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Bundikahungu Kwehimukya Women Group
In this Group: Henry Firimon, Moses, Mandinah, Tom, Christine, Rose, Ibrahim, Safuluza, Anna, Rabeca, Godfrey, Harriet, Joyce

Update on Bundikahungu Kwehimukya Women Group

Thomas is a thirty-eight-year-old businessman living in Bundibugyo, Uganda. He has an additional income business from cocoa, in which he has been trading for ten years. He runs two businesses to get income for meeting his basic needs and educating his children to higher institutions. He hopes to expand his business to a busy marketing area and educate his children to university levels. He is affected by the seasonality factor in that when it's off season there is no money in circulation. Thomas needs the loan to buy sugar, soap, salt, rice and biscuits to sell.

Previous Loan Details

Henry, whose hand is raised in the group photo, is a twenty-nine year married farmer. He lives in Bundibugyo, Uganda. He has three children, and only two of them go to school. He buys cocoa from other farmers and buys cocoa gardens for sale. He has been in the system since 2005. He dreams of educ... More from Bundikahungu Kwehimukya Women Group's previous loan »

Additional Information

More information about this loan

This loan is part of HOFOKAM's program targeting poor and geographically excluded populations in Western Uganda. In addition to loans, it provides social and business training programs to low-income entrepreneurs and their communities. Since 2003, HOFOKAM has provided sustainable financial and non-financial services to promote social, economic and sustainable land development and improve the quality of life for vulnerable populations. The organization has a clear vested interest in underserved communities with its headquarters in rural Fort Portal and a number of branches in extremely remote areas.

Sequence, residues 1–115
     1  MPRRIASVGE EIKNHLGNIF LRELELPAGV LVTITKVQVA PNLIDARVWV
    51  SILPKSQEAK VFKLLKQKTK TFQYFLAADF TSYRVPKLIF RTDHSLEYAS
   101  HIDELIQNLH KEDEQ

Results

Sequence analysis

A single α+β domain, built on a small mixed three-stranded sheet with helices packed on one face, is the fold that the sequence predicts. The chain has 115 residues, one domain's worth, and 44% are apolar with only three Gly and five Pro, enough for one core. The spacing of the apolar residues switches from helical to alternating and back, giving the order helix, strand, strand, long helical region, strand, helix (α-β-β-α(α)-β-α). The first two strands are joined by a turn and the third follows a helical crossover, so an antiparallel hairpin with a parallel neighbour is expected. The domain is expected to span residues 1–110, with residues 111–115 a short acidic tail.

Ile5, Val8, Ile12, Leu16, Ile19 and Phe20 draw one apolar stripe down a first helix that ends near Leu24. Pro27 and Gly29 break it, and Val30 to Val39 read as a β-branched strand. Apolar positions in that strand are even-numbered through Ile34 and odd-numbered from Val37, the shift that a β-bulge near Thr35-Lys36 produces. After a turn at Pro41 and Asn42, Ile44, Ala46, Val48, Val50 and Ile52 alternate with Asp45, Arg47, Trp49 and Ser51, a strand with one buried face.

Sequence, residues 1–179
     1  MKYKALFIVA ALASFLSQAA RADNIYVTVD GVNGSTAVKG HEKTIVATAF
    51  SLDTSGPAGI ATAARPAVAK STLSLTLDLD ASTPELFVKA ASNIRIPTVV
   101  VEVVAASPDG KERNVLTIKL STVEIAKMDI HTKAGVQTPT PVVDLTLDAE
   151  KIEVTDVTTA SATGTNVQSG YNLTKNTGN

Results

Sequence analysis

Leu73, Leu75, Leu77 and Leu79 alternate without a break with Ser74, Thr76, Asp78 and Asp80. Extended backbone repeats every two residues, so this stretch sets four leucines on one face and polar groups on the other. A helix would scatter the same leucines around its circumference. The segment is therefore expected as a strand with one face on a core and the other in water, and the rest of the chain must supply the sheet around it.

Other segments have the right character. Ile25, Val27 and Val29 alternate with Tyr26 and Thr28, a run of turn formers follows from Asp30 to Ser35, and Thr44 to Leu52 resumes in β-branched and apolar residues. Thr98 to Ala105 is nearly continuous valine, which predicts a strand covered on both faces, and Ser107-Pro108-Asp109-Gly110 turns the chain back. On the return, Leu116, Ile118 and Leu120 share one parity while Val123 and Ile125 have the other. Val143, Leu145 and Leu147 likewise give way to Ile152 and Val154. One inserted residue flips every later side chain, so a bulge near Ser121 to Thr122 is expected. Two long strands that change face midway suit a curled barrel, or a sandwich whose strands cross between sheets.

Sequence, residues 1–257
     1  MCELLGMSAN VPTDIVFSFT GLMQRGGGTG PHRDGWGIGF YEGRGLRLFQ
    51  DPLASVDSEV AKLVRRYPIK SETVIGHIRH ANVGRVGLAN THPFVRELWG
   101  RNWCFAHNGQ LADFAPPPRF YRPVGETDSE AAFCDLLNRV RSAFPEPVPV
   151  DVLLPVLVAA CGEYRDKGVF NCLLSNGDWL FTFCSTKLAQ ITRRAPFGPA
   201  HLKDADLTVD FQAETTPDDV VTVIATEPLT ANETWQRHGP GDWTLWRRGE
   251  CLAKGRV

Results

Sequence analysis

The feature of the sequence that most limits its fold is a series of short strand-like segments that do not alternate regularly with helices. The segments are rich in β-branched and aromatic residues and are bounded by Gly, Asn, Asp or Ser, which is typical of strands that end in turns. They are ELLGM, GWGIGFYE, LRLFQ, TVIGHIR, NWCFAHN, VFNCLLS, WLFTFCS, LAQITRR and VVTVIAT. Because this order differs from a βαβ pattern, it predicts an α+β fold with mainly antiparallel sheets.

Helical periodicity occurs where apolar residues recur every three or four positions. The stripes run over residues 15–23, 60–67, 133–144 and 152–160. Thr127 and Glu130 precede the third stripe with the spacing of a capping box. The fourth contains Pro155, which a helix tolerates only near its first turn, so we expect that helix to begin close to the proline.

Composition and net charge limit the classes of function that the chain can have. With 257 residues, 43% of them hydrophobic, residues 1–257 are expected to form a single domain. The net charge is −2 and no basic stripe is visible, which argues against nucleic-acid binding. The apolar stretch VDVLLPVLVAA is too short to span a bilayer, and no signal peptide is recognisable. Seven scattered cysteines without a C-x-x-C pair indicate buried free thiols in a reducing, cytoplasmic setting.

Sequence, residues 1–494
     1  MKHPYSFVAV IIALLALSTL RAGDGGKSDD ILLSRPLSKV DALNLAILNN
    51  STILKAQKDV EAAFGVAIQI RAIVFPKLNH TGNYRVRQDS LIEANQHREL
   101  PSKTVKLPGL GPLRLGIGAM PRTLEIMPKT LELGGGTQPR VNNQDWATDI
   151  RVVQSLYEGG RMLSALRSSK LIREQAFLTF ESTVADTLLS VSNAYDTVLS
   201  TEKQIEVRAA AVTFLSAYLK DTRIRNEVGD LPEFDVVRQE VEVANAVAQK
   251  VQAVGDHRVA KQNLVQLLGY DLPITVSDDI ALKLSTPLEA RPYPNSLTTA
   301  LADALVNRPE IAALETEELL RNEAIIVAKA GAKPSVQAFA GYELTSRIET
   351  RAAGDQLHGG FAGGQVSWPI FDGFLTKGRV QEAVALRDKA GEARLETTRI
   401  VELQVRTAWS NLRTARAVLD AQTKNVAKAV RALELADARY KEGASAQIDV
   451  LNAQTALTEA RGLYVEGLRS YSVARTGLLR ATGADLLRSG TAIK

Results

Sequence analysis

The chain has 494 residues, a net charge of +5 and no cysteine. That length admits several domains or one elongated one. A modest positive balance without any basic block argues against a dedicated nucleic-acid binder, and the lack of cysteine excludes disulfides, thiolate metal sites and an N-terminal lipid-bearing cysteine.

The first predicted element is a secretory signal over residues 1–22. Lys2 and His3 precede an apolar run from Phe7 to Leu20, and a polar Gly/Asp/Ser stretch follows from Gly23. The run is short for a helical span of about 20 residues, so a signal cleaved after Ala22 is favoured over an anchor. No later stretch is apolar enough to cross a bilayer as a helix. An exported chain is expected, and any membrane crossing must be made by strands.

Important Information

This loan provides farmers and low-income entrepreneurs from underserved rural areas with access to financial services. By supporting this loan, you allow more farmers and rural entrepreneurs to access capital.

Concurrent and Successive Loans

Our Field Partners often work with borrowers over a series of loans as the borrowers build credit, take out bigger loans, and expand their businesses. In order to make it easier for our Field Partners to post loans for borrowers who have been listed on Kiva before, we allow them to post successive and concurrent loans for their Kiva borrowers. This means that our Field Partners are able to post a borrower's second, third, etc., loan on Kiva without having to re-enter all of the borrower's information.

This borrower has been listed on Kiva before, so you'll see an updated loan description, as well as excerpts of the original descriptions from earlier loans. Most borrowers take out loans consecutively, meaning that they receive a second loan after having repaid the first. However, sometimes our Field Partners give out concurrent loans, allowing borrowers to take out one primary loan and a secondary "add-on" loan along with it. These "add-on" loans are typically smaller than the borrower's primary loan and serve a different purpose. Because Field Partners can now post loans as successive and concurrent loans, you will be able to track borrower progress over time and see the various ways a borrower is working with our Field Partners through funds from Kiva’s lenders.

This is a Group Loan

In a group loan, each member of the group receives an individual loan but is part of a larger group of individuals. The group is there to provide support to the members and to provide a system of peer pressure, but groups may or may not be formally bound by a group guarantee. In cases where there is a group guarantee, members of the group are responsible for paying back the loans of their fellow group members in the case of delinquency or default.

Kiva's Field Partners typically feature one borrower from a group. The loan description, sector, and other attributes for a group loan profile are determined by the featured borrower's loan. The other members of the group are not required to use their loans for the same purpose.


About Uganda

  • $1,800
    Average annual income
  • 131
    View loans »
    Uganda Loans Fundraising
  • $33,852,025
    Funds lent in using Kiva
  • 2,534.9
    Uganda Shillings (UGX) = $1 USD
A portion of Bundikahungu Kwehimukya Women Group's $3,875 loan helped a member to buy sugar, soap, salt, rice and biscuits to sell.
Repayment Term
10 months (Additional Information)
Repayment Schedule
May 9, 2014
Jun 3, 2014
Currency Exchange Loss:
Jul 3, 2014